Post-op and fluids
Early post-op review
- Patients often remain in Theatre Recovery for up to 2h after operation is completed. During this period a member of the transplant team must review them there.
- Surgical registrar contacts renal team once patient in recovery to communicate intraoperative course / concerns, and facilitate nephrology review.
- Post op review by surgical team (either in recovery or HDU) to consider fluid status, wound and drain output.
- Fluid management: see below for details.
- Failure of the patient to respond to IV Fluid with a rise in CVP or BP should raise possibility of bleeding. If there is a possibility of bleeding a transplant surgeon must be contacted.
If expected immediate graft function and urine output <40mls/hr
- Ensure catheter not blocked. Member of surgical team should flush out catheter at this early stage.
- If requested by surgeons arrange Doppler ultrasound.
- Ensure CVP target is appropriate, and reached (see fluid management, below).
- Consider IV NaCl at continuous rate of 100 mls/hr initially.
- Response must be carefully assessed (hourly initially) before continuing infusion at this rate and especially if remains oligoanuric.
Any concerns should be discussed with transplant surgeon and renal team.
If expected Delayed Graft Function (DGF)
- Careful monitoring of fluid status is required as higher risk of precipitating pulmonary oedema.
- Check FBC and U&E immediately post-op.
- Serum K+ must be known and result discussed with Registrar.
- Subsequently repeat U&E 12 hourly for the first 48h (more frequently if indicated or as decided).
Other aspects of early post-op management
- Arrange chest X-ray for position of central line (may be performed in recovery â€“ ensure checked).
- Analgesia is by PCA morphine/Fentanyl. Inadequate pain relief may herald serious pathology and should be discussed with a senior surgical colleague/Anaesthetist. NSAIDs are absolutely avoided.
Failure of the patient to respond to IV Fluid with a rise in CVP or BP should raise possibility of bleeding. If there is a possibility of bleeding a transplant surgeon must be contacted.
- Immediately post-op IV fluid replacement is Normal Saline/ Plasmalyte at 60 mls/hr + last hourâ€™s urine output. This should be guided by the CVP.
- Usually aim for CVP 6-10. If >10, reduce infusion rate. If <6, give 250ml of Plasmalyte (or N saline) bolus and review. Repeat a max of once more before seeking surgical or senior advice.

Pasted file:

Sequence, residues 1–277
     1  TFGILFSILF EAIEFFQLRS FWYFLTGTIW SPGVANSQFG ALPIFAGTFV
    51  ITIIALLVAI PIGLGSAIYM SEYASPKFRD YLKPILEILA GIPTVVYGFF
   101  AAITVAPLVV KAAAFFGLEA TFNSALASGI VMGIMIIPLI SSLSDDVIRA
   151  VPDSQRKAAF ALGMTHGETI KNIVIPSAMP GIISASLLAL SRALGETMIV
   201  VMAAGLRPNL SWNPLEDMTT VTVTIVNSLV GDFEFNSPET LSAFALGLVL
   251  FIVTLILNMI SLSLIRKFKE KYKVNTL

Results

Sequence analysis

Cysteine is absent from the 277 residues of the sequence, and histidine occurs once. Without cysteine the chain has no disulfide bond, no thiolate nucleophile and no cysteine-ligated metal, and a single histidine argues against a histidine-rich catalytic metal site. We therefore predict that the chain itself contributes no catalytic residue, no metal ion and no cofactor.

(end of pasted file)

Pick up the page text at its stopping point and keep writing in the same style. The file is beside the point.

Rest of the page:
- Fluid regimen should take into consideration: amount of fluid given in theatre, total blood loss, native urine output, cardiac status, patient age (extra caution if >65), any additional losses, and whether delayed graft function (DGF) is to be expected.
- If there are additional losses (e.g. drains after pancreas transplantion), count total loss, not just urine, in replacement sums.
- If patient is polyuric, shorten the period of replacement with high-salt solutions ( see Polyuria, below).
Fluid management: 2-12h
- Start with alternating bags of 5% dextrose and Normal Saline (or Plasmalyte) at a rate = urine output +60.
- As soon as patient is drinking, reduce infusion rate to compensate.
- See also the CVP guidance above.
- Polyuria: If patient is producing more than 200 ml/h, the amount of salt in the regimen should be reduced to prevent salt overloading – see Polyuria.
- If any signs of hypovolaemia (falling BP, CVP or JVP, tachycardia, Â± reduced urine output) give boluses of N Saline or Plasmalyte; check Hb. If no response or repeatedly needed, inform surgical team and seniors.
Fluid management from 12h
- Discontinue IV fluids as soon as patient is able to drink enough. This is often possible on the second post-op day.
- If polyuric, reduce the salt content in replacement regime – see Polyuria
Subsequent fluid management
- If patient unable to keep up with urine output, check desired balance from ward round/ notes.
- After the first 24h, infusion rates based on matching hourly urine output are not usually appropriate.
- If >4-5L output in 24h, see polyuria.
- If needed, suitable supplementary fluid may often be 4% glucose/ 0.18% NaCl at a rate to compensated for the predicted shortfall. This is equivalent to 4 bags glucose to 1 NaCl. It can also be given as separate bags of glucose and Saline/ Plasmalyte.
- Occasional patients lose more salt. This usually becomes apparent after a few days. Increasing dietary salt minimises the need for IV replacement. Hyponatraemia usually indicates water overload rather than salt deficiency, but this must be ascertained clinically.
Urine is not a high-salt fluid
PLASMALYTE/SALINE ARE NOT SUITABLE REPLACEMENT FLUIDS FOR URINE